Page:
Great Con Law review session with helpful memorization tactics:
Making plans for this weekend when it's only Tuesday
Eating leftovers for dinner because I actually made a real meal last night
Remembering I had a bottle of Dr. Pepper in the fridge
Changing into sweats and slippers as soon as I walked in the door
Realizing that a November with an average daily temp of 56 degrees is what my elementary teacher taught me was a season called Fall
Catching my birthday time

Did you have anything awesome happen today? Please share!

Wednesday, November 9, 2011

I Wear Blue

When all of the news broke about Jerry Sandusky, I worried about my role as a Penn State fan. I quickly conceded the fact that even though I was surrounded by Huskers fans, I couldn't in good conscience wear my Penn State apparel as I had planned to with the game coming up this weekend.

But then I realized something: being a Penn State fan is not the same as condoning the actions of a man that harmed children. Supporting my team is not the same as supporting the administration that should have gone further to protect potential victims. So today, I woke up and resolutely put on a Penn State hoodie. Because I'm a loyal person. Because I'm a passionate person. Because letting Jerry Sandusky alter my view of an entire institution is letting him win.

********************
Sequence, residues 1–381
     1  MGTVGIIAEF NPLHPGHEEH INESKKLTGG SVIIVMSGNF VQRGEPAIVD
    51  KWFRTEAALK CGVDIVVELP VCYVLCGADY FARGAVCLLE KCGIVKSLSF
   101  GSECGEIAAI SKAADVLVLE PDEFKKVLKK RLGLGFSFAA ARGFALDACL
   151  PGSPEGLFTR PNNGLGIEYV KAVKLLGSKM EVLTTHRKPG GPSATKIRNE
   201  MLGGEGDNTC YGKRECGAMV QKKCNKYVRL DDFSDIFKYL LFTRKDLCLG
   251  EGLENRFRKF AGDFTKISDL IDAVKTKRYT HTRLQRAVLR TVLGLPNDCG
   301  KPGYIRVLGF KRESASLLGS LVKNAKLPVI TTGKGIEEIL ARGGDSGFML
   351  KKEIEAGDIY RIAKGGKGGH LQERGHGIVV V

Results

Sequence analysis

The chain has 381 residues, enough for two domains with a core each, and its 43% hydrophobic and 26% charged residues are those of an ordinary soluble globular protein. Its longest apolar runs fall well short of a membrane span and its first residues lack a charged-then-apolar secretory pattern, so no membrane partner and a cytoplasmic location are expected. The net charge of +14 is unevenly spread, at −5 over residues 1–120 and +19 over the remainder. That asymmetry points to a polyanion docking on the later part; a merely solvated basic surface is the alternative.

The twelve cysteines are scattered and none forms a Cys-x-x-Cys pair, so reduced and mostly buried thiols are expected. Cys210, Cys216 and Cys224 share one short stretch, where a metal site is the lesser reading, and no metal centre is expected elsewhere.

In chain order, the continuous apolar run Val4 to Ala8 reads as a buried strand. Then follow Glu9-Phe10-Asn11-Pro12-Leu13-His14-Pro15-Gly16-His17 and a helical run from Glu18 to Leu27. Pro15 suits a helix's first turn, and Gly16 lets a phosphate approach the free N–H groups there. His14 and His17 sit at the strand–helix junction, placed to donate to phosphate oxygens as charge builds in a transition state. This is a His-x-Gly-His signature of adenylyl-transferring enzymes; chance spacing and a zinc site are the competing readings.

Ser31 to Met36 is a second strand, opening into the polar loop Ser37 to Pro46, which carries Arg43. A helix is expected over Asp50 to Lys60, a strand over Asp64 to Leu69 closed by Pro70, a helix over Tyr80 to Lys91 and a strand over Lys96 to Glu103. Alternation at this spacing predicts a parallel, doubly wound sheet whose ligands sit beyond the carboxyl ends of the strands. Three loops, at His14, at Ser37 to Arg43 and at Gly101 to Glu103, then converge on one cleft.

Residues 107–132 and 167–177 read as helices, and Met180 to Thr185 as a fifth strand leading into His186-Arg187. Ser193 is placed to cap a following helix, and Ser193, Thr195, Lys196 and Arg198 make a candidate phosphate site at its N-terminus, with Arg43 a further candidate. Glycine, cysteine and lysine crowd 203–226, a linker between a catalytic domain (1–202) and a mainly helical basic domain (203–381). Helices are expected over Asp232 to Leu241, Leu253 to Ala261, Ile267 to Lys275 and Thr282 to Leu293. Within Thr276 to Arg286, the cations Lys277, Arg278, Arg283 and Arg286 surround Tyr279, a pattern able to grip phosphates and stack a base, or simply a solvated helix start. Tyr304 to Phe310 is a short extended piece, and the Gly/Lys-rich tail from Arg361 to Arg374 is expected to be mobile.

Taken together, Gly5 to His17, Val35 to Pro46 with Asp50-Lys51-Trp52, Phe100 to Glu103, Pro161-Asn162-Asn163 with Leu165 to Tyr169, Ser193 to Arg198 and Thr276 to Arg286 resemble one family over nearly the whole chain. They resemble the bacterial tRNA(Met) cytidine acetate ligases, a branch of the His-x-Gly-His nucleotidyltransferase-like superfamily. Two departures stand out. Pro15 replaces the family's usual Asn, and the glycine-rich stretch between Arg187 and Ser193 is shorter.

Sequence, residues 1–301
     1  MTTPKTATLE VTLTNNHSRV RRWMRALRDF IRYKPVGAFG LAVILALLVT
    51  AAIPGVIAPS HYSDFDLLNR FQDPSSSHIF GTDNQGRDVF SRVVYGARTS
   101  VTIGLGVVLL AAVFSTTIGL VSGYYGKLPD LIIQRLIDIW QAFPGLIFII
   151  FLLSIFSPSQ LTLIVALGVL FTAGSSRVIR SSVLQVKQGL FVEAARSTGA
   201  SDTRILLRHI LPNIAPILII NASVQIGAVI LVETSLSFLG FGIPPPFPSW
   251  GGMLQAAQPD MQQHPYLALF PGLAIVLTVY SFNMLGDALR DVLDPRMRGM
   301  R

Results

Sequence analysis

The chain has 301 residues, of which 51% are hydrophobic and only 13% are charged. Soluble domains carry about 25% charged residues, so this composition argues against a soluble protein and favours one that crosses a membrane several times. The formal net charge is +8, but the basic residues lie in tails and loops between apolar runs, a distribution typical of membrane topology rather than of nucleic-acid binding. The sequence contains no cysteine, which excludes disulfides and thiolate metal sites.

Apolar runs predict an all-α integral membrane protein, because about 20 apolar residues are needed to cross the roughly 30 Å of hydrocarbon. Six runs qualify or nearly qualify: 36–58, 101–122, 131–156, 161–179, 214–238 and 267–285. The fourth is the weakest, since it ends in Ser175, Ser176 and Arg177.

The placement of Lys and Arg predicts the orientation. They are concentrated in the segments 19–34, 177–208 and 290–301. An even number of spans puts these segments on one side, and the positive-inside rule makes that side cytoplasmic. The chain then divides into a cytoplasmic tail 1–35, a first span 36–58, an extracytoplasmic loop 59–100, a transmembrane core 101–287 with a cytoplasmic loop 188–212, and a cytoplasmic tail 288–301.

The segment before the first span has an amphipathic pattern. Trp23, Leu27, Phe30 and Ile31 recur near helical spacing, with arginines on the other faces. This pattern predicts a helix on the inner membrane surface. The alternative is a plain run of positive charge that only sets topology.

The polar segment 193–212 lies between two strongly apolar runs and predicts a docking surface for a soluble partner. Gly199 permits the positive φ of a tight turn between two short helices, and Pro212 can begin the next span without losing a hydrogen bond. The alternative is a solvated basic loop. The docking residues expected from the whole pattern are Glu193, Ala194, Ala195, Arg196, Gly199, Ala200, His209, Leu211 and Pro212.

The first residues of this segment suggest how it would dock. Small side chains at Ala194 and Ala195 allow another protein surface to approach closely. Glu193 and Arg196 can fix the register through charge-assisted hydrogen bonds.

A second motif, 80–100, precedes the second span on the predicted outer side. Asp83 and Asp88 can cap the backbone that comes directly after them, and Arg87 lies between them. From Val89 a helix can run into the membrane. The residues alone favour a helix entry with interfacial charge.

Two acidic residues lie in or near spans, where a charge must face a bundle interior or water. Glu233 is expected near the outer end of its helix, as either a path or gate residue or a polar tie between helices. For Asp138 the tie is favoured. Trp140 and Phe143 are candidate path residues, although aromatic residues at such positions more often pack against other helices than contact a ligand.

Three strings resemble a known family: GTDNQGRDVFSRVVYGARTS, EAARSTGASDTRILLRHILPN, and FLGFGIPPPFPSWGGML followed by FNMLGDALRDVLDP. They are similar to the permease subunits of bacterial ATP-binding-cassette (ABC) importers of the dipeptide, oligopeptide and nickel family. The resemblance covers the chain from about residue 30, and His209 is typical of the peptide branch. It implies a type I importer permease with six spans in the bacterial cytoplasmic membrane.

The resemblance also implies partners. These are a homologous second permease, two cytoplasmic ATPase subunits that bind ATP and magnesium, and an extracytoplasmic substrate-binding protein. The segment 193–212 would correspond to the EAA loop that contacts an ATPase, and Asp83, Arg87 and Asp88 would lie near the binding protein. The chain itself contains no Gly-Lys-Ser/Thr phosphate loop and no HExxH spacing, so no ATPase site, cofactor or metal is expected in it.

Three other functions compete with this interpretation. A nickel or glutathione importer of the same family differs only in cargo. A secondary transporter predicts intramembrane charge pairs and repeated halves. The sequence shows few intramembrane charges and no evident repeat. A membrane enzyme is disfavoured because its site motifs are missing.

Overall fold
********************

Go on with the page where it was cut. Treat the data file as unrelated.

So today, I wear blue.

I wear blue because the young men who have worked their hardest to get to #12 have done nothing wrong

I wear blue because I love being asked my place of birth and getting to write, "State College"

I wear blue because grilled stickies and a glass of milk is the best order you could possibly place at a diner

I wear blue because my dad's journalism degree led to the greatest stories he tells

I wear blue because standing in line at the grocery store in Magna, UT, behind a man in a Penn State hat gives me the confidence to make small talk with strangers

I wear blue because one of the best fireworks shows I've seen happened while I sat on the grass outside Beaver Stadium

I wear blue because the best memories I have with my uncles and cousins happened inside Beaver Stadium

I wear blue because I've never been to Disneyland and I don't care; my childhood summer vacations were spent in the actual happiest place on earth

I wear blue because the lion head at the center of the mat on which my brother wrestles every day represents his hard work and drive to succeed